MRT trains move over half
the Singapore population every day, place to place, empowering the conduct of everyday activities. There is little margin for error. SMRT – one of the two rail operators in Singapore – harnesses technology to ensure reliability.
In the last 30 years, ridership on the network, and correspondingly train frequencies, has increased tremendously. Old maintenance regimes for hardware are no longer adequate; new ways of assessing risks are needed – particularly, the ability to track train conditions so that emerging issues can be rectified early before they cause problems. For which, sensors play a significant role – both in predicting future failures as well as enabling effective data collection.
Sensors as a Monitoring Device
Trains draw power from the power rail through train-mounted current collector device (CCD) shoes. If the power rail sags below an acceptable limit, a power disruption could be triggered. The sensors, which sit in tandem with the CCD shoes, measure the dynamic readings and ensure that the data, with variations as small as 1mm, are within safety thresholds. These mechanical sensors, which are currently mounted on five trains on the North-South and East-West Lines (NSEWL), monitor the condition of the power rail during service hours. In 2016, about half of all SMS alerts that were triggered prompted immediate rectification work.
Employing Sensors for “Sense-making”
All data collected weekly is plotted against data from previous weeks, allowing identification of preventive maintenance required for power rail segments. These sensors supplement the multifunctional vehicle (MFV) that circulates the entire track during engineering hours between 1am and 4am, collecting information on 16 parameters relating to the track and the power rail. One MFV takes about four to six months to cover the entire NSEWL.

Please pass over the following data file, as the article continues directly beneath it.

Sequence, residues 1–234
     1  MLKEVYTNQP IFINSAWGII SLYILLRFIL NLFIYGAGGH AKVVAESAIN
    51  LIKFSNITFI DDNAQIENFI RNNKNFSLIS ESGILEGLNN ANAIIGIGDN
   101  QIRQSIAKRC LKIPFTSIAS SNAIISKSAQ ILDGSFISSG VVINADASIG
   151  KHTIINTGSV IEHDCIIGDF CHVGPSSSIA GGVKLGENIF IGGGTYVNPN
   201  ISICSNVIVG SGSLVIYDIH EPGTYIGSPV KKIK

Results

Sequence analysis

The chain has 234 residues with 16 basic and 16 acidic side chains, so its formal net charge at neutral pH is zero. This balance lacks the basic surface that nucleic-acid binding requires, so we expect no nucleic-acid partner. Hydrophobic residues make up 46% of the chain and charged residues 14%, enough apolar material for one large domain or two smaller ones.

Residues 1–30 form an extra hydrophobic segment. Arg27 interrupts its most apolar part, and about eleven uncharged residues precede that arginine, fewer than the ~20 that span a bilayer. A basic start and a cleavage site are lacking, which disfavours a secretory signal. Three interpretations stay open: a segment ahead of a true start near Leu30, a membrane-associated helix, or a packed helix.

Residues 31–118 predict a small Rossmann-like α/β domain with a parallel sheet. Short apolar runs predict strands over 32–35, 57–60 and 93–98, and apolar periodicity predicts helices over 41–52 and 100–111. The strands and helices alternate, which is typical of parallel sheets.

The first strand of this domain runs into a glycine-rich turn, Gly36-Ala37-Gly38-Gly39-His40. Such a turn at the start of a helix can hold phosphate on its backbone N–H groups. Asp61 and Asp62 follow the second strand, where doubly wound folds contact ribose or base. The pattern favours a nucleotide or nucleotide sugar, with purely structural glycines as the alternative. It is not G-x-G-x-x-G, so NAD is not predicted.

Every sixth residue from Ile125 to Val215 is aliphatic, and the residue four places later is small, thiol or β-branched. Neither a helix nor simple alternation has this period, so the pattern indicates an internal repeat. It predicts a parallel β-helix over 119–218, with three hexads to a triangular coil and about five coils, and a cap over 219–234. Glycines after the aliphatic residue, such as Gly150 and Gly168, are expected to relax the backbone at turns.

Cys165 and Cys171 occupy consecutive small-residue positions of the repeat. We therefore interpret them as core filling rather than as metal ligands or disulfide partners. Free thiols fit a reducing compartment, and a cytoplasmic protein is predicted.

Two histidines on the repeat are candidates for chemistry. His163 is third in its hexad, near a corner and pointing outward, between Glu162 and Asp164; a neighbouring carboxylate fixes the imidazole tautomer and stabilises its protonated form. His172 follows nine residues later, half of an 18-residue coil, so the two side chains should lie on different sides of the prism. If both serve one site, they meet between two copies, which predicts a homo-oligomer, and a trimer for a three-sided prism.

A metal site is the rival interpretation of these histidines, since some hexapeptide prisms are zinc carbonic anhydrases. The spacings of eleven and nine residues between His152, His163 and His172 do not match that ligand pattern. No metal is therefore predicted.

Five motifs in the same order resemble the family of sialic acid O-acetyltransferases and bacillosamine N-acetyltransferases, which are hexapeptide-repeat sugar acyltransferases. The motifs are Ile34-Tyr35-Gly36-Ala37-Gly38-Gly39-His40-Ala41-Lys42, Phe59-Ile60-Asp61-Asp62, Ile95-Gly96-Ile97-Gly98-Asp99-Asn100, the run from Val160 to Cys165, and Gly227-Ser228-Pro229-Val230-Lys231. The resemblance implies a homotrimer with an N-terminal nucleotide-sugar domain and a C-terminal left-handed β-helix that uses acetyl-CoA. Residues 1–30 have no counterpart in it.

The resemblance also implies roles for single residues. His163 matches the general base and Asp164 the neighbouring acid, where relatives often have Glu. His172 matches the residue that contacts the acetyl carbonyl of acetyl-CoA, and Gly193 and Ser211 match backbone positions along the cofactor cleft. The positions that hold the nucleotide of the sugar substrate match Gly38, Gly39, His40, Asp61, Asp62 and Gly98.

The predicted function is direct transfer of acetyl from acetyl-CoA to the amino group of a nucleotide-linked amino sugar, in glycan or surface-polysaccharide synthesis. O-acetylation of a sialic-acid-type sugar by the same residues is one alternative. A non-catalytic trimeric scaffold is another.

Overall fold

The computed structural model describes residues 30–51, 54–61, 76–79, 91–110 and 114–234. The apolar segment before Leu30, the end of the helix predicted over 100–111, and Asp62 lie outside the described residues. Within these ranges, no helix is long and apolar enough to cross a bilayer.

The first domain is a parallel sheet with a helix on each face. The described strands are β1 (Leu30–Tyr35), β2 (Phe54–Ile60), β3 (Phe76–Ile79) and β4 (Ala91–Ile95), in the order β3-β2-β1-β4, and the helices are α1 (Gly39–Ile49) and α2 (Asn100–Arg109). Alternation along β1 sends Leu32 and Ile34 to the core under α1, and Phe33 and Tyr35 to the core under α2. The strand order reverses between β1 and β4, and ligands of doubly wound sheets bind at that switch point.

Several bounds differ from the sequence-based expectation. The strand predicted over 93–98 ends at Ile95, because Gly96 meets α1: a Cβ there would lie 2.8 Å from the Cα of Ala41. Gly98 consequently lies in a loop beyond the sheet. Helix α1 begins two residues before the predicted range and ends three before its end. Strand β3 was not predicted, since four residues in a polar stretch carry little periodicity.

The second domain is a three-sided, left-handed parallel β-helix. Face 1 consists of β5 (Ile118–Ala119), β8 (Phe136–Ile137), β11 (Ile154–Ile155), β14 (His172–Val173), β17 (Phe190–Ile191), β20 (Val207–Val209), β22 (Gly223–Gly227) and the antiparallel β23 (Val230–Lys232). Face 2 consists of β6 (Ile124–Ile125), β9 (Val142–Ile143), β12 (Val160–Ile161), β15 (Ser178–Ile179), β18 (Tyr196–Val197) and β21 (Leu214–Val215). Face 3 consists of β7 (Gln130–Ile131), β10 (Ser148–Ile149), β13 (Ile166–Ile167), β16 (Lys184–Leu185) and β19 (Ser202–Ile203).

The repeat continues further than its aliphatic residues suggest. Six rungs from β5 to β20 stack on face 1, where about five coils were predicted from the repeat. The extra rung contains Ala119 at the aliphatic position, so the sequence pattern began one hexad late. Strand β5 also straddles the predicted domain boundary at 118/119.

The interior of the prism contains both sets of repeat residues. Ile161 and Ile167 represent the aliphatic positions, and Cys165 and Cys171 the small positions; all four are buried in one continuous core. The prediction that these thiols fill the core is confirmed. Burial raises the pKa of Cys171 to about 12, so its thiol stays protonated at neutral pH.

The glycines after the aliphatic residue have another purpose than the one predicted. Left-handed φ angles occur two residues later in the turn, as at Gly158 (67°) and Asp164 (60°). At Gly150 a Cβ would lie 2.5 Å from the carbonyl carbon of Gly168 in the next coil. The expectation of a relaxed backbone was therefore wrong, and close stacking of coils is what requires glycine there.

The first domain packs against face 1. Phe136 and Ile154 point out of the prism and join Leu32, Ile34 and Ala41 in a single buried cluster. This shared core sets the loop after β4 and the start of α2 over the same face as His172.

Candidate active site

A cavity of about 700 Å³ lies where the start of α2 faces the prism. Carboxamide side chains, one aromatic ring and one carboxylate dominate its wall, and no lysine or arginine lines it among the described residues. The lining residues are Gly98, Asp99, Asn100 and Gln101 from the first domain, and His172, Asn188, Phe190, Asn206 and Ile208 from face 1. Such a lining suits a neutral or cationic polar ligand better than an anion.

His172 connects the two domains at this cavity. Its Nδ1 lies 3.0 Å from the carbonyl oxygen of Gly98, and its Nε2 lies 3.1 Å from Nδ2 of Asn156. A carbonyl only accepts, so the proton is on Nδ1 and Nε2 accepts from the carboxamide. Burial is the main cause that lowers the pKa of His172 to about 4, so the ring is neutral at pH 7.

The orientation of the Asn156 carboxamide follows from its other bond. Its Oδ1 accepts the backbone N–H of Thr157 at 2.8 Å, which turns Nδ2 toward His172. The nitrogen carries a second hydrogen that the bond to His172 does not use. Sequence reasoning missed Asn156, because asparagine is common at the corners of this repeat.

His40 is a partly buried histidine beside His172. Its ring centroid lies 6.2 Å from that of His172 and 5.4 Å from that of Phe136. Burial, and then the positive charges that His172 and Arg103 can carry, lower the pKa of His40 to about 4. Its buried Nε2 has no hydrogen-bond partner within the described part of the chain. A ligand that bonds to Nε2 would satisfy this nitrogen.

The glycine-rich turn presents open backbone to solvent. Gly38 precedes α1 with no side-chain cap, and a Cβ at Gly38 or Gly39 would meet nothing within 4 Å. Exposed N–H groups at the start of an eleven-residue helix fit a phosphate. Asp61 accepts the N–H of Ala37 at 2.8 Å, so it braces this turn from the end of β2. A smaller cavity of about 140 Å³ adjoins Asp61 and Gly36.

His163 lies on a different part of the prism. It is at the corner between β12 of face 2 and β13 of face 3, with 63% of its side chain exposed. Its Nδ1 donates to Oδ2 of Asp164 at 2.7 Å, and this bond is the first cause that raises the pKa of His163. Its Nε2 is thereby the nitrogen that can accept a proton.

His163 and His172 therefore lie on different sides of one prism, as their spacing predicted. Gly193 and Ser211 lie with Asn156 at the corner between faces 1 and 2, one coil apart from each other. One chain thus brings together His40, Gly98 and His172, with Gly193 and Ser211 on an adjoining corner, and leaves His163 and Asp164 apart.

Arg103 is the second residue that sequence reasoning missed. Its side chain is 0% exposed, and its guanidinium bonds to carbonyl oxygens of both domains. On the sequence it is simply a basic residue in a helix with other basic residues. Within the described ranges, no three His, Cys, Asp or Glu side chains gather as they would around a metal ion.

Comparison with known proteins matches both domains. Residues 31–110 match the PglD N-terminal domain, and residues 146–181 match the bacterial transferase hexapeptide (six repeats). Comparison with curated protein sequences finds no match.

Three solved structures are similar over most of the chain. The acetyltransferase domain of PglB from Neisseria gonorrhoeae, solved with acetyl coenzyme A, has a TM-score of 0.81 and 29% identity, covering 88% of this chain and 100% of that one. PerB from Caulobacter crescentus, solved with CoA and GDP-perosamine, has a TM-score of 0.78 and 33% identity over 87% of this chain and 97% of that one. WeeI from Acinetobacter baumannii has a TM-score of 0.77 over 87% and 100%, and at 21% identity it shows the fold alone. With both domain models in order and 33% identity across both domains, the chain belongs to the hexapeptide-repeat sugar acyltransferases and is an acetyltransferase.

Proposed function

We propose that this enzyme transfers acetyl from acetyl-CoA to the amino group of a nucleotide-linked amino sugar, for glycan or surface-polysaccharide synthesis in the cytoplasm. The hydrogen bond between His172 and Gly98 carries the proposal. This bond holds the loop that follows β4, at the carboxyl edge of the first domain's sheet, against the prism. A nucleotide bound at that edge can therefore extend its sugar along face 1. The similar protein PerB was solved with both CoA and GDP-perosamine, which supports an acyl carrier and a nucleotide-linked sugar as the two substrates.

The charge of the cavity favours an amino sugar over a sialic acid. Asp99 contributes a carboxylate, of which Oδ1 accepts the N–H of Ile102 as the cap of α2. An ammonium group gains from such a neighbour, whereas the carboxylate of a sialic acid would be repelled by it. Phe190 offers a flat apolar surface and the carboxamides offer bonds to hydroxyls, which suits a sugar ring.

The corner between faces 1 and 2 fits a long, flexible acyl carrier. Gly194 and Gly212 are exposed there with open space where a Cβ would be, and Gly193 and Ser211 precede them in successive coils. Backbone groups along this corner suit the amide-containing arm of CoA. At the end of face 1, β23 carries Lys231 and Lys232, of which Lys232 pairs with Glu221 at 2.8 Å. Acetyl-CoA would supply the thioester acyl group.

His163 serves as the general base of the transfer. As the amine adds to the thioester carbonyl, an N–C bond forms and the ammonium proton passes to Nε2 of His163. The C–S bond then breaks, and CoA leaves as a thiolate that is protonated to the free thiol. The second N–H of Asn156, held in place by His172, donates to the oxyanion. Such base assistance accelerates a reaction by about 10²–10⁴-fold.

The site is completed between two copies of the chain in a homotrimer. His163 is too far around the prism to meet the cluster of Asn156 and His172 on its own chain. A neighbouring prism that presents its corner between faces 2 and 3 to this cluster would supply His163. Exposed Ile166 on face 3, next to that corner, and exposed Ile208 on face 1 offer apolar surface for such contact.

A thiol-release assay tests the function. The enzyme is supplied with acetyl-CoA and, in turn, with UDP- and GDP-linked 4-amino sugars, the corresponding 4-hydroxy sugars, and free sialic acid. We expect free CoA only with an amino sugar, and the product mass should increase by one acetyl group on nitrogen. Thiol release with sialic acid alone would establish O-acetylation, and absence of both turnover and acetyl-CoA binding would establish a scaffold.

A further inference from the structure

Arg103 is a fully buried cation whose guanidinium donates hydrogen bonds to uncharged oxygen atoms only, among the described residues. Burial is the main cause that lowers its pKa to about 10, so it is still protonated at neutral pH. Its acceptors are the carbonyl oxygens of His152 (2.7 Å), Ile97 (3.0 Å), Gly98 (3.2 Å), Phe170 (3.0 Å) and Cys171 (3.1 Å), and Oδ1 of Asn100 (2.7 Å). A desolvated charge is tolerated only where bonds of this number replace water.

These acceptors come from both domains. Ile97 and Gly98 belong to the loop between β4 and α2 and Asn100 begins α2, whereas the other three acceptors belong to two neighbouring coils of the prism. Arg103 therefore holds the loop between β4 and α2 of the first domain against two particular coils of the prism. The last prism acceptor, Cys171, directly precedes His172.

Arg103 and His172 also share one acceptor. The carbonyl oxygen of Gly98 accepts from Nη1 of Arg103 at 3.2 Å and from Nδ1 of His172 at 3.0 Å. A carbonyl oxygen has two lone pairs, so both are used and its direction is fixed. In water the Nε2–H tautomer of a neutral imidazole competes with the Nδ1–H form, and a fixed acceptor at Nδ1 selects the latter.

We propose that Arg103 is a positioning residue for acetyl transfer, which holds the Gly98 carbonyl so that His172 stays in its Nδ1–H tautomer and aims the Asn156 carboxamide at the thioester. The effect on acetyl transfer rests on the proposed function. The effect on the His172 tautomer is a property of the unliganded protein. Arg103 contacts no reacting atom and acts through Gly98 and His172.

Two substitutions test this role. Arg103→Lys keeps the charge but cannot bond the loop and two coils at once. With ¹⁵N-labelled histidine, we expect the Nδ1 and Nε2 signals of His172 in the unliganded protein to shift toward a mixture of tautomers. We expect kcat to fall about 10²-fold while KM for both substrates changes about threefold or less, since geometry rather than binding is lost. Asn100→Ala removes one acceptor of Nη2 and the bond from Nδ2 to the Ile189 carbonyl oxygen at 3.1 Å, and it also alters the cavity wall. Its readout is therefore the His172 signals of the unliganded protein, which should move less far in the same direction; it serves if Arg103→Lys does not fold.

The Future Role of Sensors
Using the latest available technology, including sensors and analytics, is a major part of the strategy to build a future-proof rail system. For that reason, a sensor system that will be able to watch for anomalous vibrations as proxies to track and train conditions is currently under development. When the system is completed, new sensors placed along two to four sectors of the track and on two trains, will provide a running system health check on up to six parameters, including if and how much the rail has been worn down, and if there are cracks or chips on the track. On trains, details like the level of suspension or the condition of the wheels will also be monitored to positively impact the comfort of rides.
Beyond measuring critical systems, SMRT Trains is working to move to a stage where everything can be measured and resources can be better optimised while ensuring fewer delays and disruptions for commuters in the long run.